She is now completing her master’s degree in therapy at Berklee College of Music in Boston, has her own private practice, ADD Music Wellness, and is creating an interactive music book that can be used by educators, intervenors and music therapists working with deafblind individuals.
Di Nino encourages other organizations working with individuals who are deafblind to explore adding music therapy. Almost every country and within that, every state or province, has an organization where they can find a music therapist, she said. In Canada, it’s the Canadian Association of Music Therapy (CAMT) and the Music Therapy Association of Ontario (MTAO).
“Music therapy allows everyone to participate without any experience required. In every music therapy session I observe deafblind individuals being empowered through music,” she said.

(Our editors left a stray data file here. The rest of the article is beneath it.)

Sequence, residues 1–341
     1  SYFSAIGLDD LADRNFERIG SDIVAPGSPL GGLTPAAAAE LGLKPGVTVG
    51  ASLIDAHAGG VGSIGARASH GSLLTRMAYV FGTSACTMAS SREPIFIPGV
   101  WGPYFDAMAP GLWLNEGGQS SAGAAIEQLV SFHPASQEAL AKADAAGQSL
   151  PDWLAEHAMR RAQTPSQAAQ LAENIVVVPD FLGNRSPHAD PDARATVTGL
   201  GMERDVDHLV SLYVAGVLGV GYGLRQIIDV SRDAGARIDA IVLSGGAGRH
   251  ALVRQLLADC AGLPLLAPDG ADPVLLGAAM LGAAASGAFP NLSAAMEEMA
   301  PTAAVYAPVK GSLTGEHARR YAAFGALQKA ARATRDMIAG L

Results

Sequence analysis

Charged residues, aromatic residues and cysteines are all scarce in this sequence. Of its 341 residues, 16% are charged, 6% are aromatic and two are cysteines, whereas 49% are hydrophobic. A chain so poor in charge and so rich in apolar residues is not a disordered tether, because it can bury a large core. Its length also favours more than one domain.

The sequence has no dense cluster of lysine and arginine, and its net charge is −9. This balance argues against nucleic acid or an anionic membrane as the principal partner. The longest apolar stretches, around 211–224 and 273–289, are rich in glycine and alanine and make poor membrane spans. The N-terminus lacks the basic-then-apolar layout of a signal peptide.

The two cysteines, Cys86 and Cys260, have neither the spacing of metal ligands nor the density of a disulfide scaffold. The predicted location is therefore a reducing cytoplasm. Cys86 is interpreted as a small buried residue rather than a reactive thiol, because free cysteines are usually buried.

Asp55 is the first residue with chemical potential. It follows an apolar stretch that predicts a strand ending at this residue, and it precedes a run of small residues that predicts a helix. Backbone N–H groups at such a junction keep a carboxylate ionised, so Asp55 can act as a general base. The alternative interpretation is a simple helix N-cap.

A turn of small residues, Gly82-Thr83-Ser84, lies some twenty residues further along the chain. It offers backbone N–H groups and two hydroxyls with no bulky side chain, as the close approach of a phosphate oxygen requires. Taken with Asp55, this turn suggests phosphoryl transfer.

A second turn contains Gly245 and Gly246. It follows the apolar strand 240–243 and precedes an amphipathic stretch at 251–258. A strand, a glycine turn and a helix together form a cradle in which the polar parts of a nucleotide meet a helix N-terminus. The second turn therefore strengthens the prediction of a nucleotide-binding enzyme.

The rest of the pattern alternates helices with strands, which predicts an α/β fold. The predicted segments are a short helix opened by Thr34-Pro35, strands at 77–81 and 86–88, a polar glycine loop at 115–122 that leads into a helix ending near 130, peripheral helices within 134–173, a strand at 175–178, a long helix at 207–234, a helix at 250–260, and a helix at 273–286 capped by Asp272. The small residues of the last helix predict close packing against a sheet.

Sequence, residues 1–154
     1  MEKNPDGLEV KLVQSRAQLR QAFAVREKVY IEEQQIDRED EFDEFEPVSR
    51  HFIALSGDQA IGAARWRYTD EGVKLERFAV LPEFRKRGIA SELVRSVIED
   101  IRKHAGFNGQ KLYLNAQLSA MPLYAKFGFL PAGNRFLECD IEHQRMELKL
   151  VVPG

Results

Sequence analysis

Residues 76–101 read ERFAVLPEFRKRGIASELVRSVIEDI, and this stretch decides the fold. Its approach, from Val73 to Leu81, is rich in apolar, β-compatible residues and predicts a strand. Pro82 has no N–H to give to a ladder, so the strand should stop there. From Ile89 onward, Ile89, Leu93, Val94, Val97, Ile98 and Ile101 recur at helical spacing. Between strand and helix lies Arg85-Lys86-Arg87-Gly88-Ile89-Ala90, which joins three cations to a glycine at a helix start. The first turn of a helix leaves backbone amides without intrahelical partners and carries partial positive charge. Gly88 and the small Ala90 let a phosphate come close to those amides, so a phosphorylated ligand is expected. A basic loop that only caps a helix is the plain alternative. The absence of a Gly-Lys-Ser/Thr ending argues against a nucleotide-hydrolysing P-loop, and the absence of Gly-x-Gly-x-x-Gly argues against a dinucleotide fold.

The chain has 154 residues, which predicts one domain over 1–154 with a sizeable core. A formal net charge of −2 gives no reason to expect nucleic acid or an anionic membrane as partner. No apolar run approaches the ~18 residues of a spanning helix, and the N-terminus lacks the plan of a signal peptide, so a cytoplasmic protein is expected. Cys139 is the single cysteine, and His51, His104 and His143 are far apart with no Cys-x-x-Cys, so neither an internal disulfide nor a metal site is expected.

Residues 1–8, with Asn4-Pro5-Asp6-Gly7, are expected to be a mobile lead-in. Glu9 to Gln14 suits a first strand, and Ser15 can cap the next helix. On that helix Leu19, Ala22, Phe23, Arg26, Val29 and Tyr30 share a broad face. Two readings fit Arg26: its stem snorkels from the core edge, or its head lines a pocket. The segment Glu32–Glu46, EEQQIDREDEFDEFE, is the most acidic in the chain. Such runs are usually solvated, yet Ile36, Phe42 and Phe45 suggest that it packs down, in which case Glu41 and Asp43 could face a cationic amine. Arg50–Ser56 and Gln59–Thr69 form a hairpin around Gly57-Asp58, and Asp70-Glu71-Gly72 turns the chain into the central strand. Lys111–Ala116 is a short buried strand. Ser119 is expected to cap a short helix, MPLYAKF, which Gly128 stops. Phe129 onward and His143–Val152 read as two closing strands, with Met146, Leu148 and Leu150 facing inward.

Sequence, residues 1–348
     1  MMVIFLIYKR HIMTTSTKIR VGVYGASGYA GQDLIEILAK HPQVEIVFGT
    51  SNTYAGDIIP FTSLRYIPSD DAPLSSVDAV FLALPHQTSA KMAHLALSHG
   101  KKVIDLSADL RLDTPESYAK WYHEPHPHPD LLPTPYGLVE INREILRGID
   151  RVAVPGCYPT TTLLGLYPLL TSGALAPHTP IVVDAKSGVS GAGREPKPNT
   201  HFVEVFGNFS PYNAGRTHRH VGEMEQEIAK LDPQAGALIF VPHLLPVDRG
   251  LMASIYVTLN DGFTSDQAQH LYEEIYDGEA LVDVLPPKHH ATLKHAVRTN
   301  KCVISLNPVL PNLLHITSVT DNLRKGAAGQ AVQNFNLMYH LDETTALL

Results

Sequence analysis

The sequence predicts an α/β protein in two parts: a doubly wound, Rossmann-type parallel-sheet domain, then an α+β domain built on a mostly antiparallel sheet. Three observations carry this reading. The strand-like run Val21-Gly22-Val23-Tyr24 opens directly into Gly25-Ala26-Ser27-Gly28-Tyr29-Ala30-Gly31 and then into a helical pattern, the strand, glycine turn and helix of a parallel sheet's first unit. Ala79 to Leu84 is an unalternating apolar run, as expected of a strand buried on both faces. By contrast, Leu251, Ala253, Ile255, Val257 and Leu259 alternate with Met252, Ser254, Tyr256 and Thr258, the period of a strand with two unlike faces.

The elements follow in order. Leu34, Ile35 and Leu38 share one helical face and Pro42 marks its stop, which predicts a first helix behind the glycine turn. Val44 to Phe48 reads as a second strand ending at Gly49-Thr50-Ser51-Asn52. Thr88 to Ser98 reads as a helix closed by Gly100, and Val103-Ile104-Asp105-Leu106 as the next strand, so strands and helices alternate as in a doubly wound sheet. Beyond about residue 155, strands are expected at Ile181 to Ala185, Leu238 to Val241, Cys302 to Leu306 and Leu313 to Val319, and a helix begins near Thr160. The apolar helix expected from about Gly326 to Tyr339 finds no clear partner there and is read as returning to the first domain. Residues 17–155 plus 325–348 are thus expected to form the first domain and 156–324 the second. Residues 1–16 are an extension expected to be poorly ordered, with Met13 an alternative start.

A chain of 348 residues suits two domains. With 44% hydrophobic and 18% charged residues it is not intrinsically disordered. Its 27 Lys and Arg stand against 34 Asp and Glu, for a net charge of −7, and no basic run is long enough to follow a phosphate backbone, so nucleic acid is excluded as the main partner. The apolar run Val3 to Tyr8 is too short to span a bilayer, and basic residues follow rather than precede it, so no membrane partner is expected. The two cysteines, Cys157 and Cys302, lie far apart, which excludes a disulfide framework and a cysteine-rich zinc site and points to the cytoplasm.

Sensity held its first-ever Christmas concert in December 2016, building on momentum from the music therapy program. Consumers performed to a packed room at the Resource Centre. Clark said one of her goals is to have more group performances for the public.
“There is nothing better than when the consumer can say, ‘Hey, look at me, this is what I’ve accomplished. This is what I’ve done. I can do this,’” she said.
“There are melodies and rhythms that these men and women need to create that give them and deafblindness a voice within our world,” Di Nino said.